The wife of Rep. Gary Condit can pursue her $10 million defamation suit against the National Enquirer for a headline that said she attacked Chandra Levy, a judge ruled Wednesday. 

U.S. District Judge Oliver Wanger rejected all the tabloid's arguments to dismiss Carolyn Condit's lawsuit regarding a story published last summer after Levy vanished in the nation's capital. 

The Enquirer published headlines on its Web site in July and on its Aug. 7 front page that said: "Cops: Condit's Wife Attacked Chandra." 

The publication reported that Condit called her husband's Washington condominium from her Ceres, Calif. home and "flew into a rage" during a "heated phone screamfest" with Levy. The story, based on an unidentified source, said the confrontation occurred just before Levy vanished. 

Carolyn Condit said she never met Levy or spoke with her. Washington police have said there was no truth to the Enquirer report. 

Levy's skeletal remains were found May 22 in a Washington, D.C. park and her death was ruled a homicide. 

The Democratic congressman told police he had an affair with Levy, a federal intern, police sources said. But police said he was not a suspect in her disappearance.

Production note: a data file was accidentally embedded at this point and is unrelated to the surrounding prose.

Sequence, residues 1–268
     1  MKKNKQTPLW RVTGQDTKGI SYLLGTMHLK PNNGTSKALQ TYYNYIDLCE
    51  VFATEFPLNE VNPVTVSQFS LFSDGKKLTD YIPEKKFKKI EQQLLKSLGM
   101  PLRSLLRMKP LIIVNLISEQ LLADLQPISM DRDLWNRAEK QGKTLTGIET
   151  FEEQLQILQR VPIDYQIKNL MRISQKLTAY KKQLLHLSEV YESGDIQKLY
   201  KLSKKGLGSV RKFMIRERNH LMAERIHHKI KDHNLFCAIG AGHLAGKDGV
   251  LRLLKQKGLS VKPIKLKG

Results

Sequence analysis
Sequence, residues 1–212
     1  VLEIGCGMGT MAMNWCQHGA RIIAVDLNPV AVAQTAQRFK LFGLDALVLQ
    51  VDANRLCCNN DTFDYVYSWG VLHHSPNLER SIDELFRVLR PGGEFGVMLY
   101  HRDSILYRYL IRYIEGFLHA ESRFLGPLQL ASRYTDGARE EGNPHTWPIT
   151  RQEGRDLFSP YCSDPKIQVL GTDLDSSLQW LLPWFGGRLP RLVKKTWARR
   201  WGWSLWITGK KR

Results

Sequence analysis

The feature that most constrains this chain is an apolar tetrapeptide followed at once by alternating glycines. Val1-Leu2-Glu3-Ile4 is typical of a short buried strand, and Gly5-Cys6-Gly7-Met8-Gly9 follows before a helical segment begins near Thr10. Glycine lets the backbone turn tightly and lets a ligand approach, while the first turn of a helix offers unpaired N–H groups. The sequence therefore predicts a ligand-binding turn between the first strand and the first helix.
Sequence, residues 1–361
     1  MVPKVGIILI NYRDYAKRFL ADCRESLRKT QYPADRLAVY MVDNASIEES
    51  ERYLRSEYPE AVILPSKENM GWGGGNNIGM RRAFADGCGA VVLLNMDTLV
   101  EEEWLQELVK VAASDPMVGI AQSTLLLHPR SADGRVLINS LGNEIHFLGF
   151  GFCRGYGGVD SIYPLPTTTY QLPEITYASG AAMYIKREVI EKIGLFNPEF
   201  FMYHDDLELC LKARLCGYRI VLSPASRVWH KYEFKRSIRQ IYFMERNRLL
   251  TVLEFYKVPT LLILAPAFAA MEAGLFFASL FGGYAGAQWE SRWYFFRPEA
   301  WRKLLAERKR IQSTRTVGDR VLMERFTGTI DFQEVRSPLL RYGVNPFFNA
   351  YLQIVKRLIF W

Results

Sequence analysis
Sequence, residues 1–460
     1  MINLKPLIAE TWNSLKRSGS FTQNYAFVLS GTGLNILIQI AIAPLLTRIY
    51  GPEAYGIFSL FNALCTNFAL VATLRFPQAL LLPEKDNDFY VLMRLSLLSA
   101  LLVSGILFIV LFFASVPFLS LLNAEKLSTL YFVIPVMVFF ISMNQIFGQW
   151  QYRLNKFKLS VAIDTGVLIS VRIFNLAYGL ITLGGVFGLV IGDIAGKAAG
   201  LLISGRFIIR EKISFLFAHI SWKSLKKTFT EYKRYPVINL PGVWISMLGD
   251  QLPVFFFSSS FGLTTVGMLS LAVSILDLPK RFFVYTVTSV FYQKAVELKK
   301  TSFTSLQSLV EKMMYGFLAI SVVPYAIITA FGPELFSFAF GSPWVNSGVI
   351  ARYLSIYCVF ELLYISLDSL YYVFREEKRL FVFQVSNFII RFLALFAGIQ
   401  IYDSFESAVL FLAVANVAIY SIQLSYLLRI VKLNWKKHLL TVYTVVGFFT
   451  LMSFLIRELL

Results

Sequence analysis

In his 52-page decision rejecting the Enquirer's motion to dismiss, the judge said the headlines could be interpreted to mean that Condit physically attacked Levy. Wanger rejected the Enquirer's claim that the statements were not defamatory, but said a jury would have to make the decision. 

Wanger also dismissed the Enquirer's claim that Condit had no right to file the lawsuit because she never demanded a retraction. Under California libel law, a newspaper must be given a chance to correct erroneous information before a suit is filed. 

Condit's lawyers successfully argued that the Enquirer is not a newspaper under the state's definition, citing a 1976 lawsuit by entertainer Carol Burnett. 

Condit lost the Democratic primary in March, but is serving the remainder of his term through the end of the year.